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Writing in the November 2007 issue of the journal Nature Nanotechnology, a team of German and British scientists (Leonhard Grill, Matthew Dyer, Leif Lafferentz, Mats Persson, Maike V. Peters, and Stefan Hecht) reported the rational assembly on a surface of building blocks linked by covalent bonds—probably carbon radicals. A "News & Views" perspective by Neil R. Champness in the same issue describes in more detail than can be provided here why this advance is important.
"Nano-architectures by covalent assembly of molecular building blocks" Nature Nanotechnology abstract
Nature Nanotechnology "News & Views" perspective "Surface chemistry: Building with molecules" abstract
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Almost all work so far on atomically precise assembly directed toward developing productive nanosystems has self-assembled nanostructures in solution through a designed or evolved network of noncovalent interactions. Such nanostructures are held together by many weak noncovalent bonds, such as hydrogen bonds, van der Waals, and hydrophobic interactions. As Eric Drexler pointed out more than 20 years ago, it would be advantageous to be able to engineer robust covalent bond formation in the necessary spatial configurations to build strong, rigid nanostructures. Those laboring to develop molecular electronics also desire to rationally link molecular building blocks via covalent bonds to form larger nanostructures, not only because covalent connections form more stable nanostructures, but also because covalent bonds allow the efficient electron transport required by electronic devices. Now researchers have succeeded in rationally assembling building blocks on a surface using covalent bonds probably formed by carbon radicals—very reactive species envisioned by Drexler for use in advanced molecular manufacturing systems. Prior to this achievement, many workers had self-assembled supramolecular structures on surfaces by engineering noncovalent interactions, but no one had succeeded in assembling covalent molecular networks.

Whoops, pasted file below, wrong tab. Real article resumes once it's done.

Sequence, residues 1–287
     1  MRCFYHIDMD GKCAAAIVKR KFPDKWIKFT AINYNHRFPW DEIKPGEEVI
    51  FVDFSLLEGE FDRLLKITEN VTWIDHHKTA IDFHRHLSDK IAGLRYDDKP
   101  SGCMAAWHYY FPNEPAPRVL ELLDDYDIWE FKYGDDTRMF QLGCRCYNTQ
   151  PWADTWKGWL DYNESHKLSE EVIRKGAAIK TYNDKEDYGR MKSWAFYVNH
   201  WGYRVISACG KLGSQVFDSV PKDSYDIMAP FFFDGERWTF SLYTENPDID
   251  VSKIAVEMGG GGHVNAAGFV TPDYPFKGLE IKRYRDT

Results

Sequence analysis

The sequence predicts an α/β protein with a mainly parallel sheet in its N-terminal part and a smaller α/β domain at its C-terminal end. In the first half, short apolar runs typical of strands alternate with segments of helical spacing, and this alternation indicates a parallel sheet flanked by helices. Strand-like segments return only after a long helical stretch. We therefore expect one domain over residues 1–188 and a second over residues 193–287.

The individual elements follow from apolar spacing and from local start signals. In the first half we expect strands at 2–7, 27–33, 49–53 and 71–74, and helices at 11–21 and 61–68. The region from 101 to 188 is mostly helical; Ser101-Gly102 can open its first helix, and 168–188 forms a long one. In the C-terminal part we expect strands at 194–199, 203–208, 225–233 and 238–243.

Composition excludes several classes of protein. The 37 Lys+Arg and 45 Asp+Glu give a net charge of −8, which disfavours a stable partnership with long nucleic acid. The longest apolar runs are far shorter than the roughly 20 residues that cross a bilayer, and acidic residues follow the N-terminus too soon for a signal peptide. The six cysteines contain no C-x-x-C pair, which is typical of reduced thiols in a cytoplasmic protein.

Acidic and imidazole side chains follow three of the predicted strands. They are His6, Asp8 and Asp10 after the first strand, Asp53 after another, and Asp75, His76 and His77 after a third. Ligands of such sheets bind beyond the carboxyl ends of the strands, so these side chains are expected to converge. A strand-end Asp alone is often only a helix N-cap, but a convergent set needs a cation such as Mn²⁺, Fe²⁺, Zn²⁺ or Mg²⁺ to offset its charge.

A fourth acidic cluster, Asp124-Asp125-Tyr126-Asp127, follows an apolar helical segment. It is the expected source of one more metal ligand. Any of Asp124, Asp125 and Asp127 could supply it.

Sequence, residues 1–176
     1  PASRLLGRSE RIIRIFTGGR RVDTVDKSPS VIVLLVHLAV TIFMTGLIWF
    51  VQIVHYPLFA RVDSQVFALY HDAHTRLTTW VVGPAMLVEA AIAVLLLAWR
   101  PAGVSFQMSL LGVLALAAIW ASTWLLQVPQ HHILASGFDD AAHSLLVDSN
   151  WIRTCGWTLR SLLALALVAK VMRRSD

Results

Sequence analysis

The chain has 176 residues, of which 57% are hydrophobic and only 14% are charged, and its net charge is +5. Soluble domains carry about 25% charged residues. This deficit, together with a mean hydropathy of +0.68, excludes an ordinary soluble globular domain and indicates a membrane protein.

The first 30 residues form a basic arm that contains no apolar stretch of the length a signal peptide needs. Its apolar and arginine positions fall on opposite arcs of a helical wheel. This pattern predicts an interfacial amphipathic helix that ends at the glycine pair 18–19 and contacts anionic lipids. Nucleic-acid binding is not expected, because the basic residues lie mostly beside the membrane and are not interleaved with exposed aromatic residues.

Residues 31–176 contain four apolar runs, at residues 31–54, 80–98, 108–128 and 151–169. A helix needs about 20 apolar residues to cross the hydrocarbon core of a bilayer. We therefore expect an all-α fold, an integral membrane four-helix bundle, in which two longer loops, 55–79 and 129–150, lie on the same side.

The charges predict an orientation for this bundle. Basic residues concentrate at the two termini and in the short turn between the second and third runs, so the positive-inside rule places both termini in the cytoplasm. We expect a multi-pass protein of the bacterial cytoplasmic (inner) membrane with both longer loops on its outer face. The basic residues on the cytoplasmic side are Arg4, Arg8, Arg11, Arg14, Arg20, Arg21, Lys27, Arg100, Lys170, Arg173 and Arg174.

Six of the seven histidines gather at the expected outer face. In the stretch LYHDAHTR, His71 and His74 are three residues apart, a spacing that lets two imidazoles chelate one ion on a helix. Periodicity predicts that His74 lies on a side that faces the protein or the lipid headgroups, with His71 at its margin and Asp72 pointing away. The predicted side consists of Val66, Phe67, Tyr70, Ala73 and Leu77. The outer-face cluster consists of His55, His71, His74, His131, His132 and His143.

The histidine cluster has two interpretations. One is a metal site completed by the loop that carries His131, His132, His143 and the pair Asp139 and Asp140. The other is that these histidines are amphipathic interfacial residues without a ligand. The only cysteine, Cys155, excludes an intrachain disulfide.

Porphyrin molecules—approximately square planar molecules made from linked rings of carbon and nitrogen atoms—were chosen as building blocks. A "leg" made from a phenyl group was attached to the center of each side of the central building block. One, two, or four of the legs were terminated with a bromine atom because the carbon-bromine bond is weak enough to be broken at a temperature that will not break the other bonds. In different variations of the procedure, the bromine atoms were dissociated either before or after the building blocks were deposited on gold surfaces. Dissociation of the carbon-bromine bonds produces carbon radicals that quickly form carbon-carbon bonds to link building blocks together.
The resulting nanostructures were clearly revealed by scanning tunneling microscopy. As expected, the nanostructures produced depended on the number of bromine atoms in the building blocks: with one bromine-activated bond, only dimers were found; with two bromine atoms on opposite sides of the porphyrin, straight chains resulted; with four bromines on each building block, a grid was produced. The authors emphasize that the formation of these nanostructures is not a self-assembly process since the process is not reversible.
This paper reports a promising avenue toward building covalent atomically precise structures on surfaces. The authors recognize that building more useful nanostructures will require more complex molecular building blocks and more options for generating covalent connections. "In a next step, complex network architectures could be constructed by selective activation of different molecular sites at characteristic dissociation temperatures..."
—James B. Lewisinclude "../includes/footer.php"; ?>